• Is there a batch number? You know how you check your raw chicken or bagged lettuce every time there's a recall to make sure the one you bought isn't going to make you sick? You should be able to do that with CBD products too. "This is a huge indicator as to whether they are following good manufacturing practices," says Beatty. "There should be a way to identify this product in case it was improperly made so the company can carry out a recall."
  • Are there additional ingredients in there? As with any supplement, you want to know everything you're ingesting in addition to the main event. For example, "sometimes I notice that [CBD manufacturers] will add melatonin," says Dr. Chin.
  • Are you buying it IRL? You can find CBD products in shopping malls, convenience stores, even coffee shops in many states right now. But when in doubt, natural grocers are a safe brick-and-mortar place to buy CBD, Beatty says. "Typically they have a vetting process that does some of the legwork for you."

That all sounds good, but is it legal?

First, a little background. Industrial hemp was legal in the United States until Congress passed the Marijuana Tax Act in 1937. ("Some of our early presidents grew hemp," notes Sarah Lee Gossett Parrish, a cannabis industry attorney based in Oklahoma.) Nearly 80 years later, the 2014 Farm Bill took the position that states can regulate the production of hemp and, as a result, CBD. Then last year, President Trump signed a new Farm Bill that made it federally legal to grow hemp.

This means that "consumers everywhere, if they're compliant with their state, can grow hemp and use hemp products," Parrish explains, "and among those will be CBD."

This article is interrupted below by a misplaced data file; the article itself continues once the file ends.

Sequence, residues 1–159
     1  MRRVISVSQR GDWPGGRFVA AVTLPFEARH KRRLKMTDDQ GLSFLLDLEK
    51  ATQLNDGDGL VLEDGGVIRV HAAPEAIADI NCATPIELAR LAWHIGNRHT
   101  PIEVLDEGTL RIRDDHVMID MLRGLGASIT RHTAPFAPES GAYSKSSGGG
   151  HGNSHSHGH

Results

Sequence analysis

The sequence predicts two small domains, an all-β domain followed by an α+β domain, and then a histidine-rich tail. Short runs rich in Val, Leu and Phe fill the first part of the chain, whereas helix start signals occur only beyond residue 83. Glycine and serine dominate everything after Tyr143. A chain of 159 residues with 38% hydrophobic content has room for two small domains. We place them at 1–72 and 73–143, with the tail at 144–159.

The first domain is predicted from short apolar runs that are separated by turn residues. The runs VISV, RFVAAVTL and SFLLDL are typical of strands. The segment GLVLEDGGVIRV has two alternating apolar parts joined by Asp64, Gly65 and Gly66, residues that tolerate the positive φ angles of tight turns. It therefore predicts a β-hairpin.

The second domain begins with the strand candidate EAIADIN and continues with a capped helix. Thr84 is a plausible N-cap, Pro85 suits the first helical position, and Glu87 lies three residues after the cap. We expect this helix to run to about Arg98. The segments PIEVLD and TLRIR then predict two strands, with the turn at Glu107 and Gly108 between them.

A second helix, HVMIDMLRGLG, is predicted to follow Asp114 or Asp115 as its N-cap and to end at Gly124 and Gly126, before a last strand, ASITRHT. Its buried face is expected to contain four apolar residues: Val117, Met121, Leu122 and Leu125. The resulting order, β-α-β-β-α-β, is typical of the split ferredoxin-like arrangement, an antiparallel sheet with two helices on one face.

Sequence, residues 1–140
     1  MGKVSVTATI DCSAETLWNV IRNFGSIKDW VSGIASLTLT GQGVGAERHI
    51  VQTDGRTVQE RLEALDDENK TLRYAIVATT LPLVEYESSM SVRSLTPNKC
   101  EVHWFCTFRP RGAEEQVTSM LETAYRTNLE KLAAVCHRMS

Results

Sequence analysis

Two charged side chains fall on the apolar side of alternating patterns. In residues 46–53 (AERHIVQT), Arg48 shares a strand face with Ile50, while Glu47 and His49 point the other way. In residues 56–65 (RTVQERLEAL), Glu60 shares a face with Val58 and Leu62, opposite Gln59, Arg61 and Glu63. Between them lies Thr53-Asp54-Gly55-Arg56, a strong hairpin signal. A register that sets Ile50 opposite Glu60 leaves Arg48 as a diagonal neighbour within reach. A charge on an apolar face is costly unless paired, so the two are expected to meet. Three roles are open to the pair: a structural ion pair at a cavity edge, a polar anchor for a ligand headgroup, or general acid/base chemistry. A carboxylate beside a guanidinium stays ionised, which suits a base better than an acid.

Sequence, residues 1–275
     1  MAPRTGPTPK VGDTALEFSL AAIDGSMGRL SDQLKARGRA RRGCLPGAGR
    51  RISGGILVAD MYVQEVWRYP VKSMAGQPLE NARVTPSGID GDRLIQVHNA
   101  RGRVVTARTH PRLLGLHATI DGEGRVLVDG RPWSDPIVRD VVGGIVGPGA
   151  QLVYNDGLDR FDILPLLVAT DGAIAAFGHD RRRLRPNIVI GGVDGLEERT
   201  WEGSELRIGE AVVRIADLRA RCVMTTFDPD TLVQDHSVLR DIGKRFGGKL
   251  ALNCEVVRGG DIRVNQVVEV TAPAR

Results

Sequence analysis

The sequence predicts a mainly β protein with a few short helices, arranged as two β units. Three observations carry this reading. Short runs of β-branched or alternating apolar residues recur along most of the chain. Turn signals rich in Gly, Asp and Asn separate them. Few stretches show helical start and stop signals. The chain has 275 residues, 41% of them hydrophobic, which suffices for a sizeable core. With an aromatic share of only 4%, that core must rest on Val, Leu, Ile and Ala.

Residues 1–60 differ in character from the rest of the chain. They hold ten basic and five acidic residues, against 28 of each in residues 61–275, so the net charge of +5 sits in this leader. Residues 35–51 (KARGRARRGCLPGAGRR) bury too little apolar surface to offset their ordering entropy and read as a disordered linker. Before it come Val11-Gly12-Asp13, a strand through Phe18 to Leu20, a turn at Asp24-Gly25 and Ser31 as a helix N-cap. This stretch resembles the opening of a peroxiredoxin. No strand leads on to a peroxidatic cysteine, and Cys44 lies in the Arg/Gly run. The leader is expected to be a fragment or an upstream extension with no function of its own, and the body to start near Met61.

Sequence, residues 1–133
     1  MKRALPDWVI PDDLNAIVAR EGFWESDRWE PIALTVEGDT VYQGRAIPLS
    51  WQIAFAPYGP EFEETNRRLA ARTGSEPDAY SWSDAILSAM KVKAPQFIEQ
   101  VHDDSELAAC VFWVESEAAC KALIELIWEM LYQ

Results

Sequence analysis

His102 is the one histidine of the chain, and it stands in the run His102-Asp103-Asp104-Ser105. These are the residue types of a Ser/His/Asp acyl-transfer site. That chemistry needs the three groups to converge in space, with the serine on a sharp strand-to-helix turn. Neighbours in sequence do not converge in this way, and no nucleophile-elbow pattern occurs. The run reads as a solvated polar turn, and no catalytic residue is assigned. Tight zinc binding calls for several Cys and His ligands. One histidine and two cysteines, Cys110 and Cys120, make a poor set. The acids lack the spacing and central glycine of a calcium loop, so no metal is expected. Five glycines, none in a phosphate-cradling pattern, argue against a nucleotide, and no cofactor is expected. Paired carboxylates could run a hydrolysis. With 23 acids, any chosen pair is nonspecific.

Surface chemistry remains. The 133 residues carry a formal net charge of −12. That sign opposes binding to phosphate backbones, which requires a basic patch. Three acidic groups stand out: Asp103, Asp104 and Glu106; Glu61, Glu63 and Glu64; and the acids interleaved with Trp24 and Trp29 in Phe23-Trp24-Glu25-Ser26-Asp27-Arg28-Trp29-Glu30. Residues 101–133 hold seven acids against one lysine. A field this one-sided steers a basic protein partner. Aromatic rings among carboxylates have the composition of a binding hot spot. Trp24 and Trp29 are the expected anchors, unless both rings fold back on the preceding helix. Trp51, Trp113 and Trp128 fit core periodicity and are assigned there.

In other words, the latest bill removed hemp from the Drug Enforcement Administration, or DEA's, purview. "Hemp can now be grown freely under federal law, which, of course, is huge," Parrish says. "But while it's legal under federal law, it's up to each state to set their own policy."

These policies vary widely. Marijuana and CBD are currently fully legal for both medicinal and recreational purposes in Alaska, California, Colorado, Maine, Massachusetts, Michigan, Nevada, Oregon, Vermont, Washington, and Washington D.C. In 23 states, it's legal in some form, such as for medicinal purposes. Another 14 states permit just CBD oil. But both are illegal in Idaho, Nebraska, and South Dakota. For more information, the organization Americans for Safe Access has a helpful guide to the specific laws in each state.

"It's kind of ironic," says Parrish. "With marijuana, we have got the federal government saying 'No' and a bunch of states saying 'Yeah, it's OK'—but with hemp, the feds say 'Yeah, it's OK,' but we still have some states saying it's not."

Can you travel with CBD?